Frutillar (population 9,118) is 63 kilometers south of Osorno and 50 kilometers north of Puerto Montt via the Panamericana. It comprises two separate sectors: Frutillar Alto’s busy commercial zone adjoins the Panamericana, while Avenida Carlos Richter leads to tranquil Frutillar Bajo, pinched between the sandy lakeshore and a steeply rising hill, about two kilometers east.
The region’s most self-consciously immaculate example of German colonization, the western Llanquihue village of Frutillar can seem a caricature of Teutonic orderliness—where a sign on the beach says “Deporte, Picnic y Camping Prohibido” (Sports, Picnicking, and Camping Prohibited), it nearly feels as if it should say “Sport, Picknick und Camping Verboten.” The lakefront is so tidy that, when a thoughtless smoker flips a cigarette butt, some burgher might well be there to catch it before it hits the ground.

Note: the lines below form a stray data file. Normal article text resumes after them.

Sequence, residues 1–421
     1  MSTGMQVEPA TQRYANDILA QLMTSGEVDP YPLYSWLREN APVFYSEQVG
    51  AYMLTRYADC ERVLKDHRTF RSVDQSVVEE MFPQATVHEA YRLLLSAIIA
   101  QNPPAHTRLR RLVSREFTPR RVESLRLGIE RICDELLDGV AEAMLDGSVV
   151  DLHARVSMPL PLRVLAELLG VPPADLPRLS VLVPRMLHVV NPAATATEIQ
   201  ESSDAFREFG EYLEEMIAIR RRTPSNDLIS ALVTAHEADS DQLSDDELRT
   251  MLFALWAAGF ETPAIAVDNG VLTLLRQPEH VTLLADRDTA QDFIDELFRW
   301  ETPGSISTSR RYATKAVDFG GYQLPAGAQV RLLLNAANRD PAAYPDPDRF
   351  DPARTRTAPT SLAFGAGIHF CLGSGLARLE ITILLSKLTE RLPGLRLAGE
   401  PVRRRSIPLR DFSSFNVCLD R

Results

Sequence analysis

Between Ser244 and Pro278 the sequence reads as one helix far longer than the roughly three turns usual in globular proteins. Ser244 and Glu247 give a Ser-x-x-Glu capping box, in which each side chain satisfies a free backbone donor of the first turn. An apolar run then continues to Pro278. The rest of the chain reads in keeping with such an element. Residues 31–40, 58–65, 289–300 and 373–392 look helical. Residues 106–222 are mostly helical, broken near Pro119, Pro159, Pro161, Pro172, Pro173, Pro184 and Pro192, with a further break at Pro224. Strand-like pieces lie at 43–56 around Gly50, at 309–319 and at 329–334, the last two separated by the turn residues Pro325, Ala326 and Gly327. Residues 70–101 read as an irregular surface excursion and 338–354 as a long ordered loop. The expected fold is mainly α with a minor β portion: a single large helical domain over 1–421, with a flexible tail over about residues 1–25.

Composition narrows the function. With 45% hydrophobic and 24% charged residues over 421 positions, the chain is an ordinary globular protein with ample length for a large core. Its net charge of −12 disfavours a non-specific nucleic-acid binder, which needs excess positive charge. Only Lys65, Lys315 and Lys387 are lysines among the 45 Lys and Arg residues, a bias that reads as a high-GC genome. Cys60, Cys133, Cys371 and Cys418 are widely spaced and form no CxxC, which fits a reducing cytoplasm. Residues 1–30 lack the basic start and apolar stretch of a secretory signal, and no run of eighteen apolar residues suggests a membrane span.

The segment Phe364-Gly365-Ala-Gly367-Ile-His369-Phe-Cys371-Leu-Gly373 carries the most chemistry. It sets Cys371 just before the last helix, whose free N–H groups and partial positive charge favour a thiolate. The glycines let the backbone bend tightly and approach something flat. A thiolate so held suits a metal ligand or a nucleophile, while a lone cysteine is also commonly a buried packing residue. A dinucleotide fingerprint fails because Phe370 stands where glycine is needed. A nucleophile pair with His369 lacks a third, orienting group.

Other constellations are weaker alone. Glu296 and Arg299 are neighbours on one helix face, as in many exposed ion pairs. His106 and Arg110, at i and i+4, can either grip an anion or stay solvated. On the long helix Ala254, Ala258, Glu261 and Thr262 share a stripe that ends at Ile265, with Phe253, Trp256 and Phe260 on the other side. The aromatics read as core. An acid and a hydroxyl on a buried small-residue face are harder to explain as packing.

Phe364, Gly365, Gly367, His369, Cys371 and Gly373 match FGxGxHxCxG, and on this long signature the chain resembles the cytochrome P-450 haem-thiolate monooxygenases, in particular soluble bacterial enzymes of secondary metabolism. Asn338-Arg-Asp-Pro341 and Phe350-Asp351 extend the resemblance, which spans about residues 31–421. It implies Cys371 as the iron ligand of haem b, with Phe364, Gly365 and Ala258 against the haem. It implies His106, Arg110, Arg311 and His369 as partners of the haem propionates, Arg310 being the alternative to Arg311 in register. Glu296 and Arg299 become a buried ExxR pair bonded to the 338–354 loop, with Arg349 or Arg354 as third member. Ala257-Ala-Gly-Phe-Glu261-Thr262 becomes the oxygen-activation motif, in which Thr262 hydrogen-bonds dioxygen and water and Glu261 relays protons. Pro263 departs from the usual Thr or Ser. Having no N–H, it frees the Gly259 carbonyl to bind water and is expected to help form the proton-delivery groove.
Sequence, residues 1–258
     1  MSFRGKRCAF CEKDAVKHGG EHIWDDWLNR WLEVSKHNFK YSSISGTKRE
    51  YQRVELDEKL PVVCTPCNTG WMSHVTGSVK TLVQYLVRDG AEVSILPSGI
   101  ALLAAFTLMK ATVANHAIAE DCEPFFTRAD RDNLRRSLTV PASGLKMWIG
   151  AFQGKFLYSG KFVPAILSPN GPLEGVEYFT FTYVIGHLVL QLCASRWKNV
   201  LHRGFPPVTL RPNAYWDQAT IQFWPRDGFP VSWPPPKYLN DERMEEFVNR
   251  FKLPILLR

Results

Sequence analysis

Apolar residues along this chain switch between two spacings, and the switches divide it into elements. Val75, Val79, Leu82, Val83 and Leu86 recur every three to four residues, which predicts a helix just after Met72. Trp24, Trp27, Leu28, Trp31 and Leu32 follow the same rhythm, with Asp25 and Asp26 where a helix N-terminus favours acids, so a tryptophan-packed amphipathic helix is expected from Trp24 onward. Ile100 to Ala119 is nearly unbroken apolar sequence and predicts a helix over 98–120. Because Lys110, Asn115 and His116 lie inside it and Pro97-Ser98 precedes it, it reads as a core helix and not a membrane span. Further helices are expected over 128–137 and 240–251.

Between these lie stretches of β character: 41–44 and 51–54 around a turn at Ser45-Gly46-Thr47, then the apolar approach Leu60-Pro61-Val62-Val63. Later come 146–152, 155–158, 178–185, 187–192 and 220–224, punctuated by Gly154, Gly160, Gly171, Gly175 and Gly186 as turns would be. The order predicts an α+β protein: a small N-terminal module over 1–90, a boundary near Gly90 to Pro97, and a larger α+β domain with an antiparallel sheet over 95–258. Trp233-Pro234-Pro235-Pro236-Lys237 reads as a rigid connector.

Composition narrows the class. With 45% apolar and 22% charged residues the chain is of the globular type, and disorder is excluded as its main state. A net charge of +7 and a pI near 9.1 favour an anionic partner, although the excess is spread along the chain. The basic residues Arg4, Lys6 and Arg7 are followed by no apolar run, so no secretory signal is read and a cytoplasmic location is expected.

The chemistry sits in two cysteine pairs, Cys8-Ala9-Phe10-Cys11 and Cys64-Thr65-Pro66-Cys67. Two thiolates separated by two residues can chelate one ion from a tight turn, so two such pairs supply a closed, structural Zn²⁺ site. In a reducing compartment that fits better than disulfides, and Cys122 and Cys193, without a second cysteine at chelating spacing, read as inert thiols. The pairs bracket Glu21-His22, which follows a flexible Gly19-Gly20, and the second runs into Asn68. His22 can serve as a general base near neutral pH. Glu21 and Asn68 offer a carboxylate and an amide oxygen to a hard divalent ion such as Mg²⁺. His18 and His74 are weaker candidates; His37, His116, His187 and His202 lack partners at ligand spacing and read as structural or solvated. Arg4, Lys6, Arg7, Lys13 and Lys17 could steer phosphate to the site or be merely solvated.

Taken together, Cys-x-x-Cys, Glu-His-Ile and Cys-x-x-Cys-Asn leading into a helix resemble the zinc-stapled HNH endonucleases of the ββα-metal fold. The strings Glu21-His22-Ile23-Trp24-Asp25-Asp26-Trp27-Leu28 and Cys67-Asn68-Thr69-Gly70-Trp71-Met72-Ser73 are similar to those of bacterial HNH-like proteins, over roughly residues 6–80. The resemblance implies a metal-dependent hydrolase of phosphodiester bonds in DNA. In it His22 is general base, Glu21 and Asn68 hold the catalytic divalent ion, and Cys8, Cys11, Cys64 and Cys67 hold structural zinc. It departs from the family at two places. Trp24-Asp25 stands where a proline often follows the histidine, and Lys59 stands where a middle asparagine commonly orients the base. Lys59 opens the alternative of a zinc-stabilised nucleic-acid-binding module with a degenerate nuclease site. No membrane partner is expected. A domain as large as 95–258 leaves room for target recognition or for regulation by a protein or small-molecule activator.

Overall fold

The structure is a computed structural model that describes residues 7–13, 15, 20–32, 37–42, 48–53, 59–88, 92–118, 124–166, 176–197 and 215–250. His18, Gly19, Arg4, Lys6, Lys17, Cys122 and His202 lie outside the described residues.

Still, with its almost perfectly preserved European-style houses, Frutillar exudes both style and charm; for a Dorf its size, it also has impressive cultural resources, including a fine museum and one of Chile’s most important music festivals. Mirrored in the waters beyond the sandy beaches, Volcán Osorno soars symmetrically to the east.
Bus services arrive and leave from Frutillar Alto; taxi colectivos shuttle back and forth to Frutillar Bajo. The major long-distance carriers are Tur-Bus (Diego Portales 150, tel. 065/421390) and Cruz del Sur (Alessandri 52, tel. 065/421552); both run north (Santiago and intermediates) and south (to Puerto Montt) along the Panamericana. Thaebus, at the Alessandri terminal, runs half a dozen buses daily to Puerto Octay.
© Wayne Bernhardson from Moon Chile, 2nd edition